I recently got a call from a daughter telling me her father just had a major stroke. Why didn’t they get his documents in place before the stroke? Well, even though he’s in his 80s and had already experienced two minor strokes, they “just figured that he’d probably be okay.” Really? For how long? Forever?
A stroke is generally considered to be a “sudden disabling attack” or loss of consciousness caused by an interruption in the flow of blood to the brain. It’s a sudden event. A stroke is a medical emergency. It’s essentially a “brain attack.” Estate planning needs to be done before the stroke. There might not be a chance to do it after the stroke.
About 75% of all strokes occur in people over the age of 65, but a stroke can happen at any age. I know a local man who recently died about two weeks after having a stroke, and he was only in his late 40s. It happens.
The chances of having a stroke can be greatly reduced by healthy living. The CDC (Centers for Disease Control and Prevention) gives stroke prevention guidelines for diet, weight, and physical activity, and you should read them and take them to heart. The guidelines for reducing the chances of a stroke are similar to other guidelines for better health. You should know them and keep them in mind.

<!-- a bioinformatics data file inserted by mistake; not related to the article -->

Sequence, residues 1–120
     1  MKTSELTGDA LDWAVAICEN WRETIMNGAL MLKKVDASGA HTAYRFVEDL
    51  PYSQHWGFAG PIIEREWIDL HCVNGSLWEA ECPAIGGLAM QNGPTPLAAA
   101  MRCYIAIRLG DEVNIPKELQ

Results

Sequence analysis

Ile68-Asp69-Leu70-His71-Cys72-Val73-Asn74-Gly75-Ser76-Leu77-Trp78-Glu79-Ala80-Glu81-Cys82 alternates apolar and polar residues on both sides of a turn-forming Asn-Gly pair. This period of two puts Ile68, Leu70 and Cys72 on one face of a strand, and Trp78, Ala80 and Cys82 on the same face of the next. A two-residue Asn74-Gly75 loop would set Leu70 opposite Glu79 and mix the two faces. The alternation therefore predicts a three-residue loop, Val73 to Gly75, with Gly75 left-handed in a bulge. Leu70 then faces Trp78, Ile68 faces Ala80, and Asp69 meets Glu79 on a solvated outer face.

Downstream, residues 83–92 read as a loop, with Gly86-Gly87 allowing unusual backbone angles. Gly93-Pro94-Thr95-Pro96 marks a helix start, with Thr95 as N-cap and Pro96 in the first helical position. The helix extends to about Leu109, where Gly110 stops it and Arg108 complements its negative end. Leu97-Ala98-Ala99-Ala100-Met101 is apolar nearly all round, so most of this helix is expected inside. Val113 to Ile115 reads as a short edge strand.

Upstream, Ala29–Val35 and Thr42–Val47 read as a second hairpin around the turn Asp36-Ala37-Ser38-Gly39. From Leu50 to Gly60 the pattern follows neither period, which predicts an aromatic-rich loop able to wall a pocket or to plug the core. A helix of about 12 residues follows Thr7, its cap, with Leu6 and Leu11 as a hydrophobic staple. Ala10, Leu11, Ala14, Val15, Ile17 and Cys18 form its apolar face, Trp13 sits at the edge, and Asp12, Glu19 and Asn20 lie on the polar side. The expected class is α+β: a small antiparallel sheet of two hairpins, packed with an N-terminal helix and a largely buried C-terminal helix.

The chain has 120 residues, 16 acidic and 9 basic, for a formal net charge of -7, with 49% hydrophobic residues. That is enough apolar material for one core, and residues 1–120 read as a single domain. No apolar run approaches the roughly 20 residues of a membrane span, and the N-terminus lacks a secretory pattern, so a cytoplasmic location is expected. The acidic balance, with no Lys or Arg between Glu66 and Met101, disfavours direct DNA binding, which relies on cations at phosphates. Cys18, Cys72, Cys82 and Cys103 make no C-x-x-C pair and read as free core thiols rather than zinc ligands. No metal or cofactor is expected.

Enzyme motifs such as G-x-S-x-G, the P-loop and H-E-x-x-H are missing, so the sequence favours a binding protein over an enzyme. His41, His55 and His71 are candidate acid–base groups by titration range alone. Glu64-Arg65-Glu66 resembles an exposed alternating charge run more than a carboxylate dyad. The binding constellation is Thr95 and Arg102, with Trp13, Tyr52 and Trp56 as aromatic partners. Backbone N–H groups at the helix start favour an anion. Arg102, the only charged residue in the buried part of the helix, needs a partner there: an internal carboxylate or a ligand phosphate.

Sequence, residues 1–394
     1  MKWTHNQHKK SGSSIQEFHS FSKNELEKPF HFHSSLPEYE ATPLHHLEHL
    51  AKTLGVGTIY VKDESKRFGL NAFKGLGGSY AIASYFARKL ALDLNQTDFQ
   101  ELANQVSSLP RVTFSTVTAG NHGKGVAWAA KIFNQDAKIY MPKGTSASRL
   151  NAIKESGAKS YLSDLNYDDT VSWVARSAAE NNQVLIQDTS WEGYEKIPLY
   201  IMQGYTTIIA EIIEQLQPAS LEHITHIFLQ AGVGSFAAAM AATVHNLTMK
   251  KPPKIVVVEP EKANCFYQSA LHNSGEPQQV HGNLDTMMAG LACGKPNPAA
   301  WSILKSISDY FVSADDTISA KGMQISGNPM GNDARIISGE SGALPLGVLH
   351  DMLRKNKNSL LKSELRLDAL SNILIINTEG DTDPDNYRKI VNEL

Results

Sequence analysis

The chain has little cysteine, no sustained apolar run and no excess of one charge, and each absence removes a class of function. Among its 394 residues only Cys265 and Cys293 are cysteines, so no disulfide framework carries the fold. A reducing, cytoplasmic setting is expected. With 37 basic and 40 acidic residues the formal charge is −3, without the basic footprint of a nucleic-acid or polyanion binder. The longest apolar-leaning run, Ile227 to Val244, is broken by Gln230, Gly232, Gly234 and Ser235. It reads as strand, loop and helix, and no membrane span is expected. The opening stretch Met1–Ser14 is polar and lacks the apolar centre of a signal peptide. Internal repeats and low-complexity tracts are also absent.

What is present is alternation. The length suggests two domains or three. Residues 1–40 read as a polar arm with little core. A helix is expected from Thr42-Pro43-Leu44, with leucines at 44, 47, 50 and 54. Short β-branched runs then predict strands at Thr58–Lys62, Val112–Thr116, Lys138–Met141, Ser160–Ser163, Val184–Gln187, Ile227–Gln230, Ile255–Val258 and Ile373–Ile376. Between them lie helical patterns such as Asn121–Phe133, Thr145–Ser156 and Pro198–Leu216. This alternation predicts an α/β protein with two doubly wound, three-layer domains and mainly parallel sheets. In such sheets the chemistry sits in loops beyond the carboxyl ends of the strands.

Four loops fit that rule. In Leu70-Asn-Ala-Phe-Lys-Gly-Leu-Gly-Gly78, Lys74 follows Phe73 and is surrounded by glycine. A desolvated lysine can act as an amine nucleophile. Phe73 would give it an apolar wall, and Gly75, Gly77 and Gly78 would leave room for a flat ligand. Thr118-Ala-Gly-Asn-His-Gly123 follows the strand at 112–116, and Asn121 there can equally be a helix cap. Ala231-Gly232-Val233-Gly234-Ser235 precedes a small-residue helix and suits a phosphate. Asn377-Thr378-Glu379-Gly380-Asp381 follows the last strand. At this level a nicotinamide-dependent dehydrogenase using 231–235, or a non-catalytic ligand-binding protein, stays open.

A man came to meet with me recently to discuss the estate plan that was prepared for him and his wife a few years back. His wife is now in the memory care unit at an assisted living facility and she is doing well there despite being in the early stages of Alzheimer’s disease. The gentleman provides a lot of the companionship and care for his wife, and he also manages all of the family finances. He recently reviewed his old estate plan and was fairly certain that it wasn’t right for them, but he figured that he could manage things okay the way they were — until he had a minor stroke himself! He’s lucky that it wasn’t a major stroke, but it woke him up to the fact that if something happens to him and he can’t manage their affairs and help take care of his wife, they will both suffer tremendously, and so will their children and grandchildren.
Lao Tzu, the ancient Chinese philosopher, said it simply: “Anticipate the difficult by managing the easy.” I apply this idea to estate planning because getting a proper estate plan put into place now to protect yourself, your spouse, and your heirs is easy. Doing anything after a stroke can be difficult or impossible, and trying to navigate through the legal system without the proper legal authority can be daunting or impossible. The lack of proper decisions today can mean that certain options are closed to you and your family in the future. Get it done. Make a plan to protect yourself and your family. Make sure that you have the right estate planning documents in place for when they might be needed.
You can take steps to help prevent a stroke, but you can’t time when a debilitating stroke might occur. Work on improving your health to prevent a stroke, and get the proper estate planning documents in place while you’re still able to do so.